Let's see the result up until now:


How to set random moving speed

So, we solved our turtle moving problem. But they're running infinitely – there is no ending point. Also all turtles are moving at the same speed. Think about this problem, and try to solve it on your own.

So let's take a new variable random_pace and set it to random.randint(0, 7). It will return value between zero to seven randomly. You have to import random at the top. Finally pass this random_pace variable to the forward() method like forward(random_pace).


Here is the result:


🏁 How to Set the Finish Line

Now, we need to define our finish line in this canvas. To solve this problem, we check if turtle.xcor() > 330, set is_on = False, else we need to continue executing our program.


👥 How to Prompt the User to Enter Their Bet

We are done with the UI. Now, we need to define some logic to let the user enter their bet and compare their bet with our programmed result.

To let the user enter their bet, we can write screen.textinput and with a placeholder 'Enter your bet'. We'll also prompt the user "which turtle color" and store it in a global variable user_bet.

Then we take a variable winner. We check if winner == user_bet which will come from the user's input color. We print You Won, Otherwise, You lost with the turtle winner's color. That's why we have to use an f-string to pass the variable in the print method.


🎐 How to Show the Results on the Screen

Now, I want you to show this print text in the canvas with their responsive turtle color after touching the finish line. How can you implement this? You will see my solution next.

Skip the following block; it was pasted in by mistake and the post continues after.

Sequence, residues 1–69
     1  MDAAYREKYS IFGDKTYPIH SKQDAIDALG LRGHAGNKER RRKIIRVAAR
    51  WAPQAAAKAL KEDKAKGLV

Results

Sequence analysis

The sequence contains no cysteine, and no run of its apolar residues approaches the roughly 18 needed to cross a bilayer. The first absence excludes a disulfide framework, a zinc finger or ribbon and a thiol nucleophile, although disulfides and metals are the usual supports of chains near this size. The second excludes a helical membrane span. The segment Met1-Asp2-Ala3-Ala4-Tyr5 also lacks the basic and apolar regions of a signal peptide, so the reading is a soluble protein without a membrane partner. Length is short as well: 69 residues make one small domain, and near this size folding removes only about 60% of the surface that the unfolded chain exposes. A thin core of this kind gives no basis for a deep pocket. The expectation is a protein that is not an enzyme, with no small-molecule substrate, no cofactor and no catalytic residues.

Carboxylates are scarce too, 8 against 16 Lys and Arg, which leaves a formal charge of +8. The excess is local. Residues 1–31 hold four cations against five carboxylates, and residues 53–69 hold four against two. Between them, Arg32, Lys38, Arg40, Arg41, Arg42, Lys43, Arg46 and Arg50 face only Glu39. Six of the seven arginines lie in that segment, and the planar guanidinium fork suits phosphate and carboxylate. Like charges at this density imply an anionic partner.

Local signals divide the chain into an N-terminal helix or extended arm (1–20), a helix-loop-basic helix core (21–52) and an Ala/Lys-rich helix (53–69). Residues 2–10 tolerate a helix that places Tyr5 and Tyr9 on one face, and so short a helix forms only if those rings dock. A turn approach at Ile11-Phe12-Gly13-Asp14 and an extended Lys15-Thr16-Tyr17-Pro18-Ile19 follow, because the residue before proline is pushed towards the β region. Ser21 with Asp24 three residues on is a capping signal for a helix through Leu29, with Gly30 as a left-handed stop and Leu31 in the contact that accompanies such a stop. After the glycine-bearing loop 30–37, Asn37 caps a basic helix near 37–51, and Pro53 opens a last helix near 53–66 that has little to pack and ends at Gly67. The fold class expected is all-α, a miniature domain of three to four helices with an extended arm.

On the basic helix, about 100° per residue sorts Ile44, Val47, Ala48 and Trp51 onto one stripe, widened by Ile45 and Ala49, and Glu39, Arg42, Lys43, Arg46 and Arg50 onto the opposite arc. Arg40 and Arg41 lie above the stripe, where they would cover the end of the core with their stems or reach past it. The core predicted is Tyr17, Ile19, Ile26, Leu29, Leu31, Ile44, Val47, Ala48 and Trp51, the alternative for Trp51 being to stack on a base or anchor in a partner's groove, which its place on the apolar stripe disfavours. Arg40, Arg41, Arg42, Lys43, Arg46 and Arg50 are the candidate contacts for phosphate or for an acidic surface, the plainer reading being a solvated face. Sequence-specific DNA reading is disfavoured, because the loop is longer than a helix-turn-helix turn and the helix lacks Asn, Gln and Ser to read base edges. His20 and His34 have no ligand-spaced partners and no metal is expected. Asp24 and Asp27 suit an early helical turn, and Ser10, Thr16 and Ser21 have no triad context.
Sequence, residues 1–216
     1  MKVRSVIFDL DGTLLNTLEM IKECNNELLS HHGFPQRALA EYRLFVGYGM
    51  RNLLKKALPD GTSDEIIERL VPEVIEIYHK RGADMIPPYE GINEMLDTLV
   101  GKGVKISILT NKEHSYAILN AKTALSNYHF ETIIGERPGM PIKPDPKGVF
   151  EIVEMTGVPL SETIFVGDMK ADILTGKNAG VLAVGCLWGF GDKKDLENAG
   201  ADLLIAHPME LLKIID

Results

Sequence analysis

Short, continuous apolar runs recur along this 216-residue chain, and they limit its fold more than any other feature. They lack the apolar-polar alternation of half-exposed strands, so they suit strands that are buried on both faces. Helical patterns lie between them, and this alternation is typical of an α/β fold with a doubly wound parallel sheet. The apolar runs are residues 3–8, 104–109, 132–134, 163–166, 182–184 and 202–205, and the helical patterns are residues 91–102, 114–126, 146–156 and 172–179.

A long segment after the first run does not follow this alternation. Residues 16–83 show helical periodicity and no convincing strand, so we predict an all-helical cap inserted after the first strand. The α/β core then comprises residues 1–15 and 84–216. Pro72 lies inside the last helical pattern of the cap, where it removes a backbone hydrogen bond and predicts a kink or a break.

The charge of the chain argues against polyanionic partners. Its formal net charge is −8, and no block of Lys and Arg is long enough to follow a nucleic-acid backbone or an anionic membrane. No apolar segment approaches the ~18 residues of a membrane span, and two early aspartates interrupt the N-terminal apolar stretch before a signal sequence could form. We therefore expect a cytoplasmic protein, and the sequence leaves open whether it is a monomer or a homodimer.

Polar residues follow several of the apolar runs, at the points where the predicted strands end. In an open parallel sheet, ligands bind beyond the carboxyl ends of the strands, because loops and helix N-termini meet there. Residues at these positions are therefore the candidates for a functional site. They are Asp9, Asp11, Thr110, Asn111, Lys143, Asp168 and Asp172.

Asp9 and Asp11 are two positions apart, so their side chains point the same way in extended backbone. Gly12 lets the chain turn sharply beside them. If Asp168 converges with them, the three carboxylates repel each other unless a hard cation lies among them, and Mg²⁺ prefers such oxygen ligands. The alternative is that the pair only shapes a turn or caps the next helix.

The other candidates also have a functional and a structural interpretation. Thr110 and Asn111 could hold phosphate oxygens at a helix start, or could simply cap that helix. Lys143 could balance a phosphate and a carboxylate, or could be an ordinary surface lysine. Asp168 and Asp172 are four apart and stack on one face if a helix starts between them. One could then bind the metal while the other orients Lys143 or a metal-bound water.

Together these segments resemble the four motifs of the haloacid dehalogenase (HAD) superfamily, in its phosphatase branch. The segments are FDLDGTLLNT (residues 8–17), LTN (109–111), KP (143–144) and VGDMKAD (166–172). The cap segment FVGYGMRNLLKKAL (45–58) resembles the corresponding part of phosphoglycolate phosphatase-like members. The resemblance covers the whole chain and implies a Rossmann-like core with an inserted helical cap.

S0, here in the top. We take two global variables ALIGN = "right" and FONT = ("Courier", 28, "bold"). We will write to align the text on the right, and also make the font family courier and font size 28, bold.

Now, we'll use them when we want to show the user the racing results. So when the winner turtle color is equal to the user_bet color, we have to show the text in the canvas instead of printing it in the terminal.

To do this, we write turtle.write() and past the print statement along with font=FONT and align=ALIGN. Else, we need to show the text "You lost" with the same variable FONT and ALIGN. See, this is the benefit of using global variables.  


Finally, let's run this code one more time. Let's say that the red turtle will be the winner. But, as you can see below – Oops, the yellow turtle is the winner. So, you can see the bold yellow font displayed next to this turtle. This is why we used align = "right" and set the turtle color using the turtle.pencolor() method.

Turtle Racing Game Project 

And there you have it - we've built our turtle racing game. If you want to watch this tutorial in video form, here's a full video tutorial for you:

📹 Full Video Tutorial

👏 Conclusion

So, we are at the end of this racing game project. If you liked this article, feel free to subscribe to my YouTube Channel or send me a tweet.

Happy Coding!